What a pity. PK and her executive producer clearly had decided not to talk about the recent confirmation that The Guardian was set up in Manchester on the back of money attained through the slave trade. This matter was mentioned in MWD on 26 June 2020 (Issue 502).

When this first became an issue in Australia a few years ago, Lenore Taylor claimed that a November 2017 article by Guardian editor Katharine Viner had “addressed” the early Guardian’s slavery connection. Ms Viner’s article said that, after the death of founding editor John Edward Taylor, the Guardian got too close to the Manchester cotton merchants who paid the bills. However, she did not mention that John Taylor himself was a cotton merchant (the article was hagiographic towards Taylor).

Katharine Viner also did not mention that, as revealed in the current editions of the UK Guardian, nine of the eleven other initial backers of the Guardian were in the cotton trade. Moreover, one was the part owner of an estate in Jamaica where over 100 people were enslaved.

In other words, Lenore Taylor initially joined with Katharine Viner in downplaying the importance of the slave trade to the creation of the Guardian in Manchester.

So, there you have it. The ABC and the Guardian are always banging on about colonialism and all that. But Comrade PK did not have time to discuss the Guardian’s connection to the slave trade when talking to the Guardian Australia’s political reporter Amy Remeikis. An example of the Guardian/ABC Axis at work.



On Saturday 25 March, The Age carried the program for the Melbourne Writers Festival – artistic director Michaela McGuire – which has the theme “I’ve been away for a while”. The reference is to the impact of Covid 19 which saw many a literary festival postponed for a while. This year’s MWF will be held from 4-7 May. In fact, there was a Melbourne Writers Festival in September 2022. So, the festival has only been away for half a dozen months. Perhaps it just seems longer. By the way, The Age is a major partner of the 2023 MWF.

As Media Watch Dog readers know, a literary festival is an occasion where a group of leftists get hold of a bucket load of taxpayers’ funds and invite their leftist mates to a leftist get together where essentially everyone agrees with essentially everyone else in an essentially left-of-centre kind of way.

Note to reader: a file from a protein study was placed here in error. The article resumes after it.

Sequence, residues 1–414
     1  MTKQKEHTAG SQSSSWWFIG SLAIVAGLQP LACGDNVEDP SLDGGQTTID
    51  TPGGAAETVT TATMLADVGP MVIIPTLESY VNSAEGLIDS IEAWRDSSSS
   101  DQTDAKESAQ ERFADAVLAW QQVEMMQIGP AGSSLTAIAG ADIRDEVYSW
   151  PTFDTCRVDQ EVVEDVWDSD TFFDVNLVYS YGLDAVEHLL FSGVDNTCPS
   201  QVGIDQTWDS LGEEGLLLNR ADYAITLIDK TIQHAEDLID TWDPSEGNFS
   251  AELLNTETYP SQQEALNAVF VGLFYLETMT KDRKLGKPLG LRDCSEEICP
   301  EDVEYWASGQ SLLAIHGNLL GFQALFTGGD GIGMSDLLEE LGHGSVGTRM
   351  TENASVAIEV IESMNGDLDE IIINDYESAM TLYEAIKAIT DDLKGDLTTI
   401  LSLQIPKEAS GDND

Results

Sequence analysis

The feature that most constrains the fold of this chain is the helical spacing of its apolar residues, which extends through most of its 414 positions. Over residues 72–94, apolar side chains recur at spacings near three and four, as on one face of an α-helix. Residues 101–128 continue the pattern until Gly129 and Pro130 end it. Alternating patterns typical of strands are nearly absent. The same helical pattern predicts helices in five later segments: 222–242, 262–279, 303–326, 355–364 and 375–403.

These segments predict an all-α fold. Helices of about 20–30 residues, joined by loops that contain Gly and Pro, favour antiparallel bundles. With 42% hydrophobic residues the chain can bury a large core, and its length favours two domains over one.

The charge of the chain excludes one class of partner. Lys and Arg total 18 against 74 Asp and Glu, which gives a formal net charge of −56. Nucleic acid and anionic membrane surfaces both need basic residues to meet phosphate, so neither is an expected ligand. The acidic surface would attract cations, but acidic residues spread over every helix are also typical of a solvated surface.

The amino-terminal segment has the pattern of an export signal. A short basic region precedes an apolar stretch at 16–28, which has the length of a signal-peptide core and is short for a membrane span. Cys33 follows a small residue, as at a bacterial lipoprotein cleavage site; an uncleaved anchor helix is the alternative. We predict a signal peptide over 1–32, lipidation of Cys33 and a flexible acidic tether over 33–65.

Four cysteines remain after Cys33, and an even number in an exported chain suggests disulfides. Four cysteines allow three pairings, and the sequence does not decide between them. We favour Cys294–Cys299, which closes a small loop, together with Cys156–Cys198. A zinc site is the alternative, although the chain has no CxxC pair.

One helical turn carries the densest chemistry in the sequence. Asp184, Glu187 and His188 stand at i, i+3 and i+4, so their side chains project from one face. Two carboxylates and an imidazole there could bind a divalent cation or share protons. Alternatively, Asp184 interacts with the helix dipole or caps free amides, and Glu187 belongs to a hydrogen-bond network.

The 2023 MWF is not such a stack as its equivalents in Adelaide and Sydney this year – since it seems to be more focused on literature rather than politics. Even so, MWD cannot locate one political conservative in the lineup of Australian non-fiction writers and would-be writers who will rock up to Melbourne’s forthcoming literary festival in the immediate aftermath of May Day. Here’s MWD’s little list – you be the judge:

Sophie Black, Paul Daley, Osman Faruqi, Chris Feik, Richard Fidler, Jan Fran, Fran Kelly, Marcia Langton, Benjamin Law, Maeve Marsden, George Megalogenis, Katharine Murphy, Sam Neill, Bruce Pascoe, Alice Pung, Margaret Simons, Grace Tame, Sally Warhaft, Michael Williams.

Jackie’s (male) co-owner is on record as promising that he will gift a copy of Karl Marx’s Das Kapital, in the original German, to anyone who can identify a political conservative among this lot. Boring? You bet. But reading Comrade Marx’s rant in his native tongue would probably be less boring than attending sessions of the MWF which are doomed to be high on self-righteousness but low on genuine debate and discussion.

Here are a couple of examples:

Plants: Past, Present and Future

Sun 7 May, 1.30-2.30pm

The Capitol

Zena Cumpston, Michael-Shawn Fletcher, Lesley Head and Bruce Pascoe illuminate the ingenuity of First Nations practices with plants and how this knowledge could hold the key to our world’s future, with Sally Warhaft.

Bruce Pascoe, author of Dark Emu, identifies as an Indigenous Australian but has not provided the name of one grandparent who is Indigenous. His controversial claim that the first Australians were farmers rather than hunters and gatherers has been demolished by Peter Sutton and Keryn Walshe in their book Farmers or Hunter-Gatherers: The Dark Emu Debate (Melbourne University Press 2021). Needless to say, Sutton and Walshe are not part of the 2023 MWF.

And then there’s this session titled “The New Politics”:

The New Politics

Sat 6 May, 3-4pm

Conversation Quarter

State Library Victoria

Leading pundits and Quarterly Essay authors Katharine Murphy, George Megalogenis and Margaret Simons review the year in Australian politics and what possibilities lie ahead, with The Monthly editor Michael Williams. In partnership with Quarterly Essay

For starters, Black Inc which publishes Quarterly Essay, is part of Schwartz Books – a left-wing publisher. So is The Monthly – editor Michael Williams. Katharine Murphy is political editor of The Guardian Australia, an avowedly left-wing publication.

Neither George Megalogenis nor Margaret Simons is a political conservative. So, it is likely that George will agree with Murpharoo who will agree with Margaret who will agree with Michael who will agree with George.  Or something like that. Yawn.

In 2023, the Melbourne Writers Festival will receive taxpayers/ratepayers money via the University of Melbourne, the Victorian government, the City of Melbourne and the Commonwealth government. However, the principal partner is the ARA Group which states that it believes in “celebrating writing, sharing ideas and telling stories”. Oh, yes, it’s also into “delivering essential building and infrastructure services”.

Which suggests that ARA is somehow involved in, er, carbon emissions. But not to the extent of having its moolah rejected by the sandal-wearing luvvies who will rock up at this year’s MWF in Australia’s Sandalista capital carrying vegan sandwiches in hessian bags.



Until next time – after Easter.